Sometimes it can be so easy to become ignorant of the faith. A person might not learn the faith at home; or get misinformed. Others may just drift from the faith, or never get it refreshed through the years. So how can we make sure we fan the flames of the Holy Spirit that come to bless us in a special way on our confirmation?

For one, we pray. We go to mass and pay attention, and let the words of Scripture inspire us and the Eucharist nourish us as fuel for our journey through life. As I’ll often say to youth, no one is going to “force” you to go to Mass when you are on your own, but make it a choice. Jesus loves you, and Mass and prayer are for our benefit so we can come to know God more deeply by letting Him into our life. As we heard last week at Mass, on his own, Peter catches nothing – only with Jesus does he bring in the catch. The same is true for us in life, we need God to help find our way.

Second, we look for opportunities to learn the faith. There is so much good stuff out there. (And, admittedly not so good. The internet was just getting going when I was in high school and I didn’t really know what it was or use it until I was in college, but just as in that fellowship group, while I was given some misinformation on the Church by non-Catholics, the internet is full of lies too and people who hate the Church, so be careful). There’s Relevant Radio, and two Catholic channels on satellite radio. Our parish also subscribes to the Catholic web site “Formed.” Here you’ll find great videos to help you learn more about your faith; there’s movies, audio and books at your fingertips. Here’s what you do: You simply go to: https://formed.org/signup.  Then type in 55068 to quickly find our parish.  Then enter your name and email….that’s it.    There is a plastic stand on the welcome desk in the Gathering Space that also has business cards on it that have a quick reference to signing up as well.  This is really an amazing site as there’s Catholic movies, programs for children, audio dramas and books, and both great, wholesome entertainment but Bible studies, sacramental prep materials, documentaries and books and audio talks. If you haven’t checked it out, please do so.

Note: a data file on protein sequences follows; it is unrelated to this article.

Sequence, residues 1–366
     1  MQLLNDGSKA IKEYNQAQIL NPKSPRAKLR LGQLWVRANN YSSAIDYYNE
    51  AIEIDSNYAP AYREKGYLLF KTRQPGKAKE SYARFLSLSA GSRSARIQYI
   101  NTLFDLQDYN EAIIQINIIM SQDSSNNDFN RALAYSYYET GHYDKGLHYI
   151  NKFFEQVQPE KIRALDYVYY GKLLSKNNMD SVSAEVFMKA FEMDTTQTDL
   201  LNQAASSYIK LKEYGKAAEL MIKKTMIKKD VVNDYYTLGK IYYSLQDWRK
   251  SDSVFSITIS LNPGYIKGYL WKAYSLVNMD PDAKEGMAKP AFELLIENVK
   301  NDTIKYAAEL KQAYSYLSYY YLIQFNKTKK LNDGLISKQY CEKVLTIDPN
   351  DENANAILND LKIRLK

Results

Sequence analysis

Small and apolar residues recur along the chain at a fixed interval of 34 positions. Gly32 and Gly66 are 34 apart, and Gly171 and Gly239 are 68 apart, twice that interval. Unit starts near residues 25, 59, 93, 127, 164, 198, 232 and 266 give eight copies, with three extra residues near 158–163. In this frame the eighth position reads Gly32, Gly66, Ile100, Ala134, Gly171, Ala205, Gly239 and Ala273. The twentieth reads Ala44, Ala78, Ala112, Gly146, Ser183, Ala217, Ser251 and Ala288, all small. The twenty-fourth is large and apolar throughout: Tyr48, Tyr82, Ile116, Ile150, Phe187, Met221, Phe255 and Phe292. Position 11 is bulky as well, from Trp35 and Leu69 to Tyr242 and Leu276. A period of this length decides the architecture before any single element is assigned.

Lastly, it’s important we educate one another. All of us are apologists – teachers of the faith. In faith formation, we emphasize to families that the message of the Church is parents are the primary educators of their children’s faith, so this is why it starts in the family, helping one another learn the faith. As we honor our mothers today, think for instance how much our moms teach us about living out the faith; I think of how my mom would teach me prayers and sacrifice so much for me growing up and spend time with me and has filled my life with love. I’m a better man, and priest, because of her; through what she has done for me, along with my dad, I know who God is at a deeper level. Let us take an example from our parents, living the faith through word and example, living out the faith through actions, but also fearlessly talking about the faith and challenging one another to think about it more deeply in terms of how they live it out.

All of us want to get to heaven one day, and grace from God makes that possible, but grace requires a response – to come to know our God more deeply, and to help others do the same.  Please pray for our confirmation candidates as they make this big step on their faith journey Monday night, and may all of us never forget faith formation and teaching of the faith is something that is truly life long.

God bless, ~Fr. Paul

PS – A heartfelt “thank you” to all of our mothers on this Mother’s Day weekend too – thank you for your vocation, your sacrifice, for life, and most of all for your love!

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May 2022